Lastly, and perhaps not least important of all – this article erroneously groups Balkan and Central Europeans as “Eastern Europeans”… really, not even the pathologically Teutonophile quarters of the alt-right does this anymore.

    *A study by Prof. Lynn, as reported in the Mail on Sunday in 2006, ranked Poland’s IQ as back at 106 [Ref]. It is uncertain whether this means that it dropped from 104 in 1979 to 92 in 1989, and then rose to 106 in 2006. I am assuming that is the case but am willing to be corrected by readers with more complete information. In any event, the country’s recent dynamism, as well as electoral trends, should speak for itself.

    1. Your entire argument hinges on the accuracy of all of these wildly fluctuating estimates of the national IQ of Poland made over the past few decades, yet for some reason you fail to consider whether the reason for that fluctuation is the fact maybe the estimates themselves were wrong.

      1. Mark Yuray’s entire argument hinges on exactly the same kind of assumptions (about IQ, genetics and its connection to economic prosperity) yet for some reason you seem not to notice that.

        … on the other hand, mine does not. My critique is based on a dynamic observation of the economic performance of Poland vs, eg, Germany; Yuray’s was a static and simplistic snapshot. Yet I have chosen not to question the accuracy of his data – any fool can do that – but to demonstrate how his thesis is illogical. I have done this to challenge that thesis, not to prove the accuracy of IQ studies.

        Indeed, if you read my reply more carefully, you will see that the economic performance of Poland does not confirm Yuray’s predictions. If Yuray maintains that Poland is low IQ, and you give the veracity of his data a pass, then Yuray’s theory that IQ and economic performance are positively correlated is significantly discredited.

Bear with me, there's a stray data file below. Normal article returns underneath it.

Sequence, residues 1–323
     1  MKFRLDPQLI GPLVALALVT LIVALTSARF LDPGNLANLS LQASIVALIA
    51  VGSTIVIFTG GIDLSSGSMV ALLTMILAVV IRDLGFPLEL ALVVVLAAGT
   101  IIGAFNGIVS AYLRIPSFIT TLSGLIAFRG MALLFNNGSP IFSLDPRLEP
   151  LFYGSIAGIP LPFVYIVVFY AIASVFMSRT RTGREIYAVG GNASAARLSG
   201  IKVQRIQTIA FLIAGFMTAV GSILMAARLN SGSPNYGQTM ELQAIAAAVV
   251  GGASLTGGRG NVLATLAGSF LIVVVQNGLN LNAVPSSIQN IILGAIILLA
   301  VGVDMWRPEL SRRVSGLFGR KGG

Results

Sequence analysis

2. Very interesting and well sourced comment. I still have a hard time believing that Poland will become as strong as you predict, but I certainly hope so.

    3. See this comment of mine above: http://www.socialmatter.net/2016/05/03/eastern-european-underperformance-and-the-ministry-of-repatriation/#comment-29077

      “Mark Yuray’s entire argument hinges on exactly the same kind of assumptions (about IQ, genetics and its connection to economic prosperity) yet for some reason you seem not to notice that.”

      No, this is incorrect, although perhaps I was not aggressively clear enough about that.

      What I wrote was “IQ, work ethic, good ideas, virtue, entrepreneurship, creativity and so forth” and “aristocratic and high-functioning” and “high human capital.” IQ is a part of this, but not all of it, and likely not even a majority or plurality of the effects.

      My resulting analysis is perhaps a bit more nebulous conceptually, but I think it more accurately describes the real dynamic that is occurring than if you narrowly clung to IQ/GDP statistics, which have many problems of their own.